Capacity utilisation in the manufacturing sector has, as a result, increased from 36% in 2019 to 47% in 2020 and is expected to further increase to above 61% in 2021. Against this background, this Statement which is issued in terms of Section 46 of the Reserve Bank of Zimbabwe Act [Chapter 22:15] reviews the monetary policy measures pursued by the Bank since the last Statement and outlines the new monetary policy measures to be followed by the Bank in the second half of the year.
Monetary policy measures
The obtaining macro-economic stability, which is expected to continue to be reinforced by the positive outlook on inflation and the balance of payments position, requires the Bank to stay the course and maintain its current monetary policy position which has had positive impact on the economy.
Accordingly, the following measures will anchor the Bank’s monetary policy stance for the rest of this year:
The Bank’s overnight accommodation of 40% and the medium-term lending rate for productive sector of 30% will be maintained in the short term, in order to control money supply and curb speculative activities. The Bank shall continue to review the policy rates in response to the downward inflation trajectory.
The 5% statutory reserve requirement for demand and call deposits and the 2,5% reserve requirement for time deposits will be maintained in the second half of the year. This differential reserve requirement system remains necessary as an incentive structure for banks to promote savings in the economy.
Quarterly target for the growth of reserve money for the remaining six months of 2021 remains at 20%. This is necessary to anchor inflation expectations at sustainable levels through controlling money supply and to allow for the necessary accommodation for the growth of the economy.
A cap on the interest rate at which banks can on-lend the proceeds from the Medium-term Lending Facility is also maintained at 10% above the borrowing rate to ensure recovery of the productive sectors of the economy.
The Bank will start to set aside foreign exchange resources to build the country’s foreign exchange reserves to anchor exchange rate stability and to cope with transitory exchange rate shocks in the national economy.
The Bank has put in place the following measures to deal with the residual foreign exchange auction allotment backlog:
Utilisation of the existing letters of credit facilities for the importation of strategic commodities and capital goods in order to lessen the demand on the Foreign Exchange Auction System;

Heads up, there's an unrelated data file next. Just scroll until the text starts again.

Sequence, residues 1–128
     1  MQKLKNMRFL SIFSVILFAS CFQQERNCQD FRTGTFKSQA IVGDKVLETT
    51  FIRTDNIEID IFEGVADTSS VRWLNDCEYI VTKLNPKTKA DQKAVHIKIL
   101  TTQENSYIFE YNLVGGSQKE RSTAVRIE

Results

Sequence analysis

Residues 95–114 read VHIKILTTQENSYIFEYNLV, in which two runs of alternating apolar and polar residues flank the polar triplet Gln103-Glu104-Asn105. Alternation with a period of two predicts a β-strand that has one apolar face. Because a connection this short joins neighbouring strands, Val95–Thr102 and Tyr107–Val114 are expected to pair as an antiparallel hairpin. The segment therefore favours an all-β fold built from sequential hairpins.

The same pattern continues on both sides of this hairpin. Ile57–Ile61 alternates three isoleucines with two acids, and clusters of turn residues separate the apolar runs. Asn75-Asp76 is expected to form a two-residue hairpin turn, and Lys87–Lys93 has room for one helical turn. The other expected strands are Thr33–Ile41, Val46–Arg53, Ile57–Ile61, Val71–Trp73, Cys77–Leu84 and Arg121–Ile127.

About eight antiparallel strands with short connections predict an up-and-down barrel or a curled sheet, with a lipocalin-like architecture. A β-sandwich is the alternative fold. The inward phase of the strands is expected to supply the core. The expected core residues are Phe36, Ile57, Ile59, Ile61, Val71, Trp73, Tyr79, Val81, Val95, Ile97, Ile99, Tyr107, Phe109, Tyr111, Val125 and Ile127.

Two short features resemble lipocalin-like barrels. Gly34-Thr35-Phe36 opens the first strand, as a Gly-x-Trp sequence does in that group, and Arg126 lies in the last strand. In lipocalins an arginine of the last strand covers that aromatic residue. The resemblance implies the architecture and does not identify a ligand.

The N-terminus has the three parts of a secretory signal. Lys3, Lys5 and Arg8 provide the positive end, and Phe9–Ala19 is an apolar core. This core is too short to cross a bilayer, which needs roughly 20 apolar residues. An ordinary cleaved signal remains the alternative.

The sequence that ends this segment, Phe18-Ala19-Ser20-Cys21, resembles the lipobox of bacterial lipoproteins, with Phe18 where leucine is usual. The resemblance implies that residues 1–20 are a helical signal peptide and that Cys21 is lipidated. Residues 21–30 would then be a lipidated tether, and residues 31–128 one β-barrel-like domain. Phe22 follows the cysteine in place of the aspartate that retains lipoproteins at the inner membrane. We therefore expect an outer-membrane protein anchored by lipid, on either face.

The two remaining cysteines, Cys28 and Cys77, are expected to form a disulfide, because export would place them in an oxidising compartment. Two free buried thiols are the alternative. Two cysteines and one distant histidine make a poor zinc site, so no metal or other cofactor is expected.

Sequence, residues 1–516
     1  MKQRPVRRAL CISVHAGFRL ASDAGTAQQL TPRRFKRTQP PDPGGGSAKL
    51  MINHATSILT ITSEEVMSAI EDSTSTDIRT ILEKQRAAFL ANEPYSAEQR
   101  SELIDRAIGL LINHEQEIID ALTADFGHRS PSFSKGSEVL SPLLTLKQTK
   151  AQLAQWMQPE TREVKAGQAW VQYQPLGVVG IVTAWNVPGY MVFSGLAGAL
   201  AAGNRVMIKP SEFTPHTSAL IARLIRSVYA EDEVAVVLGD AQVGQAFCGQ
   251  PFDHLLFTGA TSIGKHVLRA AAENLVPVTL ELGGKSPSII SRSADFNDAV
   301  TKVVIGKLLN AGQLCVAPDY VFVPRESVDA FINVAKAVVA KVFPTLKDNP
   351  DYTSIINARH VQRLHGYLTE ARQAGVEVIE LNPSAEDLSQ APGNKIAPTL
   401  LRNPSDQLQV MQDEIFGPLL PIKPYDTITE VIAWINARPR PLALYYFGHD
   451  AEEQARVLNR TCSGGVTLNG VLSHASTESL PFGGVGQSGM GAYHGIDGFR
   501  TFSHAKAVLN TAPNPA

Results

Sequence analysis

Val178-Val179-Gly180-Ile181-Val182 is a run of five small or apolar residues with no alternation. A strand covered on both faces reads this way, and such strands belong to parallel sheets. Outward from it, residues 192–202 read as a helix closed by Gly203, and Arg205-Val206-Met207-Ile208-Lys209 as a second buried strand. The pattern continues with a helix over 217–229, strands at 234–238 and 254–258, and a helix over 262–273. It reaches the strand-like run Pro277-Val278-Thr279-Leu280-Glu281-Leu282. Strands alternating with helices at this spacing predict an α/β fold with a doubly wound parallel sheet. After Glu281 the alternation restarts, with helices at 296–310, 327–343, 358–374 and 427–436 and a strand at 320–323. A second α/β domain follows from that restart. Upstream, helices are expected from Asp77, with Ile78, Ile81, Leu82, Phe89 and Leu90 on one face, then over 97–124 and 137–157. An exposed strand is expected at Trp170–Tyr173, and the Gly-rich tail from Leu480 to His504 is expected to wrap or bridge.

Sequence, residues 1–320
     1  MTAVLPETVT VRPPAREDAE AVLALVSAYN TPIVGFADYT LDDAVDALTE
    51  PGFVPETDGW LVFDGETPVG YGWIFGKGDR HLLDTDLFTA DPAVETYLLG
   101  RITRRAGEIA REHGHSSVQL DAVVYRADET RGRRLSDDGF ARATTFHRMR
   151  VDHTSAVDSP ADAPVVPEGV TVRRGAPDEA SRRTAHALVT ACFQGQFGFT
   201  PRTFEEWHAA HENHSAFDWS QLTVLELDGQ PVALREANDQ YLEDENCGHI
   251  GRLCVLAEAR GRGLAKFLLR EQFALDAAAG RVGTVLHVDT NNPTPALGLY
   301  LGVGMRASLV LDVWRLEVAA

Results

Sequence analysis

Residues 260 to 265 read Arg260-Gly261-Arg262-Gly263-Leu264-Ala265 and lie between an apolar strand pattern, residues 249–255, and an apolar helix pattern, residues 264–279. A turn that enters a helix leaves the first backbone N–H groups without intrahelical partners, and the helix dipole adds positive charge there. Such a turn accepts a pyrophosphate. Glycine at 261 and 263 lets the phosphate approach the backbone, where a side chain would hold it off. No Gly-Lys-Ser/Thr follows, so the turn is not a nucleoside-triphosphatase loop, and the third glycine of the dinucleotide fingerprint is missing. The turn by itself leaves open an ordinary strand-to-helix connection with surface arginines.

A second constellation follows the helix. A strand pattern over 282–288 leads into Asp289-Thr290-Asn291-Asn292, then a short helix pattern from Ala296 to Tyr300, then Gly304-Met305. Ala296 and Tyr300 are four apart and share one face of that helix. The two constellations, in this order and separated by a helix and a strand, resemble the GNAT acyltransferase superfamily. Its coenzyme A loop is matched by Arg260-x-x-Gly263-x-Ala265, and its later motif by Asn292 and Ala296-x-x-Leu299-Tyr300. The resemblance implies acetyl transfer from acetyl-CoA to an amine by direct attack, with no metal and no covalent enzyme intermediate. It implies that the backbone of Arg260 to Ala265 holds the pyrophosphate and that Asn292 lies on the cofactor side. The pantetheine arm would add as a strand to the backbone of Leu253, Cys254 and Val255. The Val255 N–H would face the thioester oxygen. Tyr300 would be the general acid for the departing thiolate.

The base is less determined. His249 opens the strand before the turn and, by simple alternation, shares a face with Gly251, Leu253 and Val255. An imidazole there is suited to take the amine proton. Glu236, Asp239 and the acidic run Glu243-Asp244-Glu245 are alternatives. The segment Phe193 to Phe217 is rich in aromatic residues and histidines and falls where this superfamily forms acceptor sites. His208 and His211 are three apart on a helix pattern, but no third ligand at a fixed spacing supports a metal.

Supporting banks to promote financial intermediation to leverage on the current long foreign exchange position of around US$1.7 billion in the banking system; and
Working closely with Government to ensure that some of the foreign exchange balances in the Exchequer Account are utilised to expunge the backlog.
The Bank is addressing the gap between the official and parallel exchange rates through tightening money supply, expunging the foreign exchange allotment backlog, increasing the attractiveness of the local currency so that the local currency complements rather than competes with the USD, discouraging rent-seeking behaviour and promote.
The Bank is satisfied with the achievements of the Foreign Exchange Auction System which have had a significant impact on the economy over the year it has been in operation. The Bank is thus continuing with the Foreign Exchange Auction System and is determined to strengthen the system to ensure that it reflects economic and market fundamentals of supply and demand.
The auction system is open to everyone for legitimate foreign exchange transactions through the bidding process. Bids are submitted through banks by individuals and entities that require foreign currency. It is a transparent system and the Bank is only administrator of the system and does not manipulate the auction system, neither does it participate on the foreign exchange parallel market.
The Bank shall therefore continue to foster compliance and enhance monitoring of the Foreign Exchange Auction System. As a public institution, the Bank shall also maintain its stance to enhance transparency and accountability in the operation of the Foreign Exchange Auction System.
The Bank is enhancing financial inclusion which is critical for inclusive growth through the development of the National Financial Inclusion Strategy Phase 2 (NFIS 2) for 20212025. The NFIS 2 will seek to address the challenges and gaps noted in the NFIS 1, with more focus on usage, digital financial services, quality of financial services, fintech and product innovation, financial inclusion data disaggregation and sustainability.
The economy is rebounding on account of the stable macro-economic conditions. Both the external and real sectors of the economy are expected to remain strong in the outlook period. We, therefore, need to stay the course and consolidate the current economic policy measures for stability and sustainable growth of the economy.